If Google and/or their algorithms detects that your website is externally linking out to other websites in an unnatural, manipulative, deceptive way and/or selling links to increase the PageRank of others and manipulate the search results, they will take manual action against your site. This can result in some or all of your website being removed from the SERPs.

How to fix it:

If you receive this penalty, you will need to identify the links that were paid for or that violate Google’s guidelines and remove them. Once you have done that, you can submit a reconsideration request in the Manual Actions tab of your Google Search Console account and wait to see if the penalty gets lifted.

User-Generated Spam

You may receive a manual penalty if you allow website users to publish content on your site (through things like forums, comments and/or user profiles) and they submit low-quality, spammy and/or manipulative content.

How to fix it:

If you allow users to submit content to your website, you should make sure that you moderate what is being published. You must delete or remove any off topic, overly commercial, automatically generated and/or low-quality content.

Spammy Free Host

Whilst Google tries to be precise when manual penalising websites, if the majority of websites on a given hosting service/server are spammy, they might take action against the whole service.

The best way to avoid this it to be careful where you host your website. Go with reputable service providers and do your due diligence when hosting your website on any of the cheapest hosting options.

How to fix it:

If you have already received this penalty, you will need to audit all of the other websites on your hosting service and identify any potentially low-quality and toxic ones. You should remove those which could present issues and/or consider upgrading your hosting service.

Structured Data Issues

Google will take manual action against websites using structured data in a way that violates their guidelines and/or attempts to manipulate website users. Website owners should ensure that their structured data offers a fair and accurate depiction of what the page it is published on is about and offers. Things like having structured data for content that is invisible to users and/or misleading users (e.g. by having job application structured data, collecting applications but not intending to hire anyone for the role) can result in manual actions being taken against your website.

How to fix it:

If you find on the receiving end of this manual action, you should audit all of your structured data and ensure that it fully complies with Google’s structured data guidelines.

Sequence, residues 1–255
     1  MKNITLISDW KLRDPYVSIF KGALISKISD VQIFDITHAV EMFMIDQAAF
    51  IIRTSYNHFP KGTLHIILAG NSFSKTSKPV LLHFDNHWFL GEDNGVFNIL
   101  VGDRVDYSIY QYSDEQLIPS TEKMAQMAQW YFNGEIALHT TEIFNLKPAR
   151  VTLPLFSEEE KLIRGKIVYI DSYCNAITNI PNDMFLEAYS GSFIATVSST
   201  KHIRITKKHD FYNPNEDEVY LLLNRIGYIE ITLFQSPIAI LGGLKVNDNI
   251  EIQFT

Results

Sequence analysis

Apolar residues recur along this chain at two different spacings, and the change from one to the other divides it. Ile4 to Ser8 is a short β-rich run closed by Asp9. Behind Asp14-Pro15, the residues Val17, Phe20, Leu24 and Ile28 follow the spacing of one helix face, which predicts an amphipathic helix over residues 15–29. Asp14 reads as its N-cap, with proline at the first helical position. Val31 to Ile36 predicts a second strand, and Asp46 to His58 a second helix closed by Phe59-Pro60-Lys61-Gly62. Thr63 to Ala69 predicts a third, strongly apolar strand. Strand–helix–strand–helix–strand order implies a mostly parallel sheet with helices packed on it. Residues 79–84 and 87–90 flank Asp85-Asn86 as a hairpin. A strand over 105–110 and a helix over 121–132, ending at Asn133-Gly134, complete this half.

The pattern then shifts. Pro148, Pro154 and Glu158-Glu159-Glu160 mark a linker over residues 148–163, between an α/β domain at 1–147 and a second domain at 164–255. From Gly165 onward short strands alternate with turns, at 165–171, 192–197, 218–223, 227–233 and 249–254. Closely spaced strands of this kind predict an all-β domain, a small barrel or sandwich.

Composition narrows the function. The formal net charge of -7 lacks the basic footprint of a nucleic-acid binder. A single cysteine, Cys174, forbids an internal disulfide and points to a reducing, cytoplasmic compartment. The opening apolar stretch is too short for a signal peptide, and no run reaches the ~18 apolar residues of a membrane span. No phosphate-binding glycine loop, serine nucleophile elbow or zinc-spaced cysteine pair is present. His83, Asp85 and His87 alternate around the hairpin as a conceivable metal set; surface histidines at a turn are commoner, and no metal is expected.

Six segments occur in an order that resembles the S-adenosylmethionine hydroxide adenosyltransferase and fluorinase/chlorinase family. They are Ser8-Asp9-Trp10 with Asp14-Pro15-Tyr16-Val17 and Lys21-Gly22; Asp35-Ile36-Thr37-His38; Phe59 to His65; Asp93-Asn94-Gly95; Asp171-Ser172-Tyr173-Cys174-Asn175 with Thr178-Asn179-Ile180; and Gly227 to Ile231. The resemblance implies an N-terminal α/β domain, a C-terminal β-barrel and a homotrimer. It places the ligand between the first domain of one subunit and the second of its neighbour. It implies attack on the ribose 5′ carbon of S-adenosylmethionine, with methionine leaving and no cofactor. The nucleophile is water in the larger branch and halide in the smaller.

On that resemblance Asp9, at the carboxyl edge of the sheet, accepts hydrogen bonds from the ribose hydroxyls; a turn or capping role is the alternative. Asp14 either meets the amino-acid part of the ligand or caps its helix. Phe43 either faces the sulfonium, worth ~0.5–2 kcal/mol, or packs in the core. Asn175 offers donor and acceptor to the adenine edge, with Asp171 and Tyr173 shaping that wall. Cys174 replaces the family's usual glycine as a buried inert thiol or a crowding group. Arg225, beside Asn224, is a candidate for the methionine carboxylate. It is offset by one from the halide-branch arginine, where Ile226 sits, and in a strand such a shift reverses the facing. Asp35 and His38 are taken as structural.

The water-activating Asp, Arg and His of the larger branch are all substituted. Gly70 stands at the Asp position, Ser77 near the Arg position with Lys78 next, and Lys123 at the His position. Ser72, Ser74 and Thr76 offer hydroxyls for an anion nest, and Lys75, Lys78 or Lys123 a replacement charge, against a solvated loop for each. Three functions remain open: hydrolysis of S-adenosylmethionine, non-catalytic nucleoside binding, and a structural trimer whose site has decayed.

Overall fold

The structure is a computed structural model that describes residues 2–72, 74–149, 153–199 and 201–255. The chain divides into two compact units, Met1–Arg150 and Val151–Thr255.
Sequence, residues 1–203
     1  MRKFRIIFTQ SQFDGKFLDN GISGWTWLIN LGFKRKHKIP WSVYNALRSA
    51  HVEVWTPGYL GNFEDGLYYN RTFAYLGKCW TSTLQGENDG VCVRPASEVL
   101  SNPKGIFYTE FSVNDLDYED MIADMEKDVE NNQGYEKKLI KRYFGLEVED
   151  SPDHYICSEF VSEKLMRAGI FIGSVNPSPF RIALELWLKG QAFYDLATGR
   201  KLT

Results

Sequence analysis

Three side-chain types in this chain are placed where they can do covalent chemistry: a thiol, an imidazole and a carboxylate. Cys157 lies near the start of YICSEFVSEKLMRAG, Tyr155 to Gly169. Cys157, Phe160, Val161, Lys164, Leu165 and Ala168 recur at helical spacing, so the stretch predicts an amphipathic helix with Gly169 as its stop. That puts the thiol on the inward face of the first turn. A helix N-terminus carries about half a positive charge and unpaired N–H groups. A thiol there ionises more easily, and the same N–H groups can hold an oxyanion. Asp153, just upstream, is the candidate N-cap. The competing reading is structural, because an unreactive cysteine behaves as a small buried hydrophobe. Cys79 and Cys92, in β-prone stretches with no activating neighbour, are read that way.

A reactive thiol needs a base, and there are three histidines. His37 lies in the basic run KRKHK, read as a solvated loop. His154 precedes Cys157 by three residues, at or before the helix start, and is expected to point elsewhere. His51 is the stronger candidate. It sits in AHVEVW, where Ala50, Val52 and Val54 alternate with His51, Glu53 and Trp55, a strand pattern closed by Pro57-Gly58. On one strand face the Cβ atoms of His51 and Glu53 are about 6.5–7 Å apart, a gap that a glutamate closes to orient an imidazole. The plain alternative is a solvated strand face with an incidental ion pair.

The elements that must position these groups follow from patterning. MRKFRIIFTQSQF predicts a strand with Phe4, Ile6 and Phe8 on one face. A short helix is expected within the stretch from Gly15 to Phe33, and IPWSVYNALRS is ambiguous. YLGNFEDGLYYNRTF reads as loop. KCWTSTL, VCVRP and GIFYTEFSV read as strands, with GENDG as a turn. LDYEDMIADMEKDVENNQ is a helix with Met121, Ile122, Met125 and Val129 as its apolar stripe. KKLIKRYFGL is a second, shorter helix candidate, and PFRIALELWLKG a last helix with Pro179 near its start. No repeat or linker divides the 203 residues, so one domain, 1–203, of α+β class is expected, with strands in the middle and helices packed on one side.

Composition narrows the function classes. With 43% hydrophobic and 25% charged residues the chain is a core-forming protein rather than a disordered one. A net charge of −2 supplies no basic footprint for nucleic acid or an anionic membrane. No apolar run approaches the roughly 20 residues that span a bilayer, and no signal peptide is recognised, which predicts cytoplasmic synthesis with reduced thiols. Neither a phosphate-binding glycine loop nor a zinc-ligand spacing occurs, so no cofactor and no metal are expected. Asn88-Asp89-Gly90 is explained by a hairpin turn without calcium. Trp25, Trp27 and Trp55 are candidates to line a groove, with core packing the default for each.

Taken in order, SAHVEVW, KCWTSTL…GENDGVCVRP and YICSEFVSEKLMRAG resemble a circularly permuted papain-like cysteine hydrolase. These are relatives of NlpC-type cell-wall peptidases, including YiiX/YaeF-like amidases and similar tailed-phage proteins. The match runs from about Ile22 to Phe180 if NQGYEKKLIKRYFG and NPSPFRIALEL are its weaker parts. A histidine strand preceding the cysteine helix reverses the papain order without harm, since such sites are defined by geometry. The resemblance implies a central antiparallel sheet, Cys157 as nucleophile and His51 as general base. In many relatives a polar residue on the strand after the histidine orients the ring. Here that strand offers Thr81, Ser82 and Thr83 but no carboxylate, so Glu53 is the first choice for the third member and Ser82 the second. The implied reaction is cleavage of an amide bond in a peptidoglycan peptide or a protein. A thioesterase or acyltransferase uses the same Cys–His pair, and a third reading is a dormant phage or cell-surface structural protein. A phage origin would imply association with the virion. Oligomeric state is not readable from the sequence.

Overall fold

Thin Content

Thin, low-quality and shallow content creates a poor user and searcher experience. If Google detects that enough pages on your website feature thin content, they may take manual action against it by removing some or all of it from the search results. Avoid using duplicated, thin affiliate and or automatically-generated content. If you have already received this penalty, you will need to make significant improvements to your on-site content before submitting a reconsideration request.

How to fix it:

After receiving this penalty you will need to analyse all of the content on your website (paying particular attention to any examples of thin content included in the manual action report) and identify any potentially thin content. You should take steps to significantly improve the content on your website and delete, remove any thin content and/or set any low-quality pages to noindex.

Cloaking and/or Sneaky Redirects

Any time you are showing different pages to Google (or any search engine spiders) than to users, you are at risk of receiving a manual penalty. Google takes cloaking and sneaky redirects seriously and will take manual action against those they determine are using such strategies to manipulate the search results. If you are using similar strategies for legitimate reasons (like putting up a paywall to prevent access to specific articles), make sure that you use structured data to inform Google of this).

How to fix it:

Pay attention to any details reported in your Google Search Console account and be sure to analyse any redirects you have in place and look for anything that Google could be interpreting as an attempt to manipulate their search results.